September 17, 2011 12:38PM

America Debates the Constitution

Today is Constitution Day, marking the day in 1787 when the Framers signed the document they’d spent that long hot summer drafting and sent it out to the states for ratification. In a striking change from not that many years ago, this morning’s papers bring us two significant articles about the current debate over the document.

In The New York Times, Kate Zernike’s “On Day Devoted to Constitution, a Fight Over It” notes how the Tea Party has made the Constitution sexy again, but how doing so has become occasion for battle. Progressive groups, she writes, “accusing the Tea Party of selectively reading the founding document, have responded with a campaign to ‘take back the Constitution’”—the very cry we’ve heard from the Tea Party since its inception three years ago.

Meanwhile, in this morning’s Washington Post, David A. Fahrenthold’s “Congress finds, and lists, meaning in Constitution” focuses on the pledge House Republicans took last January to cite the constitutional authority for any measure they introduced and on how that pledge has played out since then. Not surprisingly, it’s a mixed record, as he details.

But the larger lesson to be drawn from both articles should not be missed. We are again talking about the Constitution. And as Zernike writes, “In one respect, the Tea Party has already won. When groups on the left talk about the Constitution, they are increasingly emphasizing the original text — as the originalists do — rather than the Supreme Court decisions that have upheld programs like Social Security.” That is a distinction we at Cato’s Center for Constitutional Studies have long drawn, namely, that there’s all the difference in the world between modern “constitutional law”—the post‐​New Deal Supreme Court decisions we live under today—and the Constitution itself.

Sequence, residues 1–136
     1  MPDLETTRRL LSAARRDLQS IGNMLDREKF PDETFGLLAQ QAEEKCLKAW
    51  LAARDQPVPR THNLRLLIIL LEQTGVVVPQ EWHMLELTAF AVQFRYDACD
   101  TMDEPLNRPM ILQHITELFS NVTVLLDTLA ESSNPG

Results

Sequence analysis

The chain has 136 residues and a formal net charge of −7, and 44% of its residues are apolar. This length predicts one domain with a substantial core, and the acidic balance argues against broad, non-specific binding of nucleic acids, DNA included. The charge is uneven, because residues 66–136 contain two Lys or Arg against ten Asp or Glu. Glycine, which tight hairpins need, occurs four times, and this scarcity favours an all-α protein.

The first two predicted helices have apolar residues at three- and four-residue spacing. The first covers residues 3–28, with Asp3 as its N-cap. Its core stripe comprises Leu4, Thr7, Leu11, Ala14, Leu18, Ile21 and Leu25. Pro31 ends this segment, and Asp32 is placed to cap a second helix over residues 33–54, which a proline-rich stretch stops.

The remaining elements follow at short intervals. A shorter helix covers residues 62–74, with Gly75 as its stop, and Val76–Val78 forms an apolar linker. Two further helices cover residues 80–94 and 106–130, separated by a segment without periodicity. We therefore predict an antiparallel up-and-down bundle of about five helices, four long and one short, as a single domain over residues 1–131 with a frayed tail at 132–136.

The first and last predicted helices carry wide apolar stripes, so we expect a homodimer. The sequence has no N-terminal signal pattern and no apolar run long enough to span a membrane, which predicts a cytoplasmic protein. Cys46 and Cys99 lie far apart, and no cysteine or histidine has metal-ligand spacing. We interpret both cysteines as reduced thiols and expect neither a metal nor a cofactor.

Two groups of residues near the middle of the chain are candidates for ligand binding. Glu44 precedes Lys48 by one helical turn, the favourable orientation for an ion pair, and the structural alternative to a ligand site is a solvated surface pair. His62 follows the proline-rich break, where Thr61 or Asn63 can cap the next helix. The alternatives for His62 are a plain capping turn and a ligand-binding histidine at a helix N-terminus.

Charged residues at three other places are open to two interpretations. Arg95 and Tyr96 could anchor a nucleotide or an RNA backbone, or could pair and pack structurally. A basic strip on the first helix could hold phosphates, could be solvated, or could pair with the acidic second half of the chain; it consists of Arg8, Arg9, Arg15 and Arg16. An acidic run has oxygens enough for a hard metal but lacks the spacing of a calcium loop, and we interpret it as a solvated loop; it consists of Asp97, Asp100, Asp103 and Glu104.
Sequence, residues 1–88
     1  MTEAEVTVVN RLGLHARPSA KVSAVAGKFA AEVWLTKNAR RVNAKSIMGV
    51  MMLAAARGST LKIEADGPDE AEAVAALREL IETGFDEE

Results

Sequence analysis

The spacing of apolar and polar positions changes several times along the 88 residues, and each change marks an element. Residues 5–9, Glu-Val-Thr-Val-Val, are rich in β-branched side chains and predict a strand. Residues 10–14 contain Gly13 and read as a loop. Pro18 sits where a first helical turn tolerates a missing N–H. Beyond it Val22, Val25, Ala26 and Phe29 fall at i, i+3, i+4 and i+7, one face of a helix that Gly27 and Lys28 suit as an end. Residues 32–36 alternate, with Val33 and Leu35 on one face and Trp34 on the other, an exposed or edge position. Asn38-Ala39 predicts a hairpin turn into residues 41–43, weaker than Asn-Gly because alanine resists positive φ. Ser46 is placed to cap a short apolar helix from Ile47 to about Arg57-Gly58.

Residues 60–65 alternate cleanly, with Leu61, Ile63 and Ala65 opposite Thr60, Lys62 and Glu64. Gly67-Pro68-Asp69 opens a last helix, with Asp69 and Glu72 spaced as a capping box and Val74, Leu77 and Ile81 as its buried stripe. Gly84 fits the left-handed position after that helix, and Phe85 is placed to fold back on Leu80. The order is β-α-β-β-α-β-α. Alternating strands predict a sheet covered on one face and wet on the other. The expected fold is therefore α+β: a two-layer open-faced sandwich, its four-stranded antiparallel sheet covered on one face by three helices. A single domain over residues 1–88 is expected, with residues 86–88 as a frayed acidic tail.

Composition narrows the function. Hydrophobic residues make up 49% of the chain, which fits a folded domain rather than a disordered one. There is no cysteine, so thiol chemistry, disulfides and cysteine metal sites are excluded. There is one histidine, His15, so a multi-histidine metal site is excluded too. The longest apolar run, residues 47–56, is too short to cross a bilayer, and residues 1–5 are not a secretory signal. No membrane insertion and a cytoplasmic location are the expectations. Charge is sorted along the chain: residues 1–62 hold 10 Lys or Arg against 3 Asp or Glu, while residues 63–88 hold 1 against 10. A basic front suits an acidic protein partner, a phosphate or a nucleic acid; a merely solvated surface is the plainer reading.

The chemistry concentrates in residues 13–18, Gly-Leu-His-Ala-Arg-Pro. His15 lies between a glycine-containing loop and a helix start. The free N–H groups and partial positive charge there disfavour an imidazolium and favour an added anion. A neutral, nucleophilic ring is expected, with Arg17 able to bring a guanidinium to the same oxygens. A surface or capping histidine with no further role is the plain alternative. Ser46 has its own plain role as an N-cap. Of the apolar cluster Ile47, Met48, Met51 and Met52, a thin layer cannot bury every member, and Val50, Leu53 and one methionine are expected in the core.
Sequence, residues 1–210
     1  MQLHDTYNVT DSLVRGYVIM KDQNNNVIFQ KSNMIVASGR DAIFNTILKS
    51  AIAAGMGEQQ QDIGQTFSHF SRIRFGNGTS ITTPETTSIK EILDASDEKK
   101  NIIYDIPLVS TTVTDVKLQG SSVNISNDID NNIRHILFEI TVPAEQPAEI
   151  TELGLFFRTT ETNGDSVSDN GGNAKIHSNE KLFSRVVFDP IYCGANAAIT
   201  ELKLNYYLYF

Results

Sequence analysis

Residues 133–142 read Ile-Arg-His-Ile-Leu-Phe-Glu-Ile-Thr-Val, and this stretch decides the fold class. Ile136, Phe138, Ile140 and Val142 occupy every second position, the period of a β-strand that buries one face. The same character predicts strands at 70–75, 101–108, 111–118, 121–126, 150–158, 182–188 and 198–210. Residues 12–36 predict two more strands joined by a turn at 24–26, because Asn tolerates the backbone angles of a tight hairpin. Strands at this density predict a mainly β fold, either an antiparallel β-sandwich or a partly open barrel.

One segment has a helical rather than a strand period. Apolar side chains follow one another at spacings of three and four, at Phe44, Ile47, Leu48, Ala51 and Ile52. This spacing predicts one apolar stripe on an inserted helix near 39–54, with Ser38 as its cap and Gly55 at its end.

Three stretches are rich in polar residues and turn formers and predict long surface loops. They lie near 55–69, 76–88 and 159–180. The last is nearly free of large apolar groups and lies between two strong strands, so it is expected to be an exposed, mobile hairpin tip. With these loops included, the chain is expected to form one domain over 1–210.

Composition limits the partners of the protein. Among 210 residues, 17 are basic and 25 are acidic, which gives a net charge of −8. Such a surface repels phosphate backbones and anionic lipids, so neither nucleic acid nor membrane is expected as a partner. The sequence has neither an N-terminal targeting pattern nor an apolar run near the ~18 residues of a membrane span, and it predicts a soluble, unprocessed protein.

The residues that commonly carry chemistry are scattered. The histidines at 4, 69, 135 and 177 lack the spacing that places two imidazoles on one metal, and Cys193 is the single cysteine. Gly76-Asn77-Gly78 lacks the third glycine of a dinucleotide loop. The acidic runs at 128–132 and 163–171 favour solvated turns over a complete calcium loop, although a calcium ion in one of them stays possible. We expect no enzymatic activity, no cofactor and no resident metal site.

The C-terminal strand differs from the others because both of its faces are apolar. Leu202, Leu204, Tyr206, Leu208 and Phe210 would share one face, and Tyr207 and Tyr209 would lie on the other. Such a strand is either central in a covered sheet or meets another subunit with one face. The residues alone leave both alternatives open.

And we’ll take credit too for helping to bring this debate back to life, because when the Center was created 22 years ago, we took it as central to our mission to revive that debate—in particular, to help change the climate of ideas to one more conducive to reviving the Framers’ Constitution of liberty through limited government. Toward that end, two days ago we held our tenth annual Constitution Day conference, releasing there our tenth annual Cato Supreme Court Review.

Read this morning’s articles. Then go here for answers to many of the questions they raise.